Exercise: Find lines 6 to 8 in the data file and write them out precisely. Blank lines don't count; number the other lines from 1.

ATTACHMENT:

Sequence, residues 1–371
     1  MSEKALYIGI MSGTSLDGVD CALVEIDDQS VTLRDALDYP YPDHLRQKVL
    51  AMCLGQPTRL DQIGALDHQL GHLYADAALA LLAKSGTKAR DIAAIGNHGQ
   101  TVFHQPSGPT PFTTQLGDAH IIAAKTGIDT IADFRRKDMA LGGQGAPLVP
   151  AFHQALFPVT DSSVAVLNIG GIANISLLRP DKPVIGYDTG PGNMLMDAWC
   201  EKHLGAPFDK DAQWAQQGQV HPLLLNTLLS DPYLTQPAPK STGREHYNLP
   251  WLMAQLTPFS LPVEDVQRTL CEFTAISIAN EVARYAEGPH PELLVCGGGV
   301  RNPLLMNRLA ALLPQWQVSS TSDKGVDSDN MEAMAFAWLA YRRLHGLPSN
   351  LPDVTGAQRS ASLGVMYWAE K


   201  EKHLGAPFDK DAQWAQQGQV HPLLLNTLLS DPYLTQPAPK STGREHYNLP
   251  WLMAQLTPFS LPVEDVQRTL CEFTAISIAN EVARYAEGPH PELLVCGGGV
   301  RNPLLMNRLA ALLPQWQVSS TSDKGVDSDN MEAMAFAWLA YRRLHGLPSN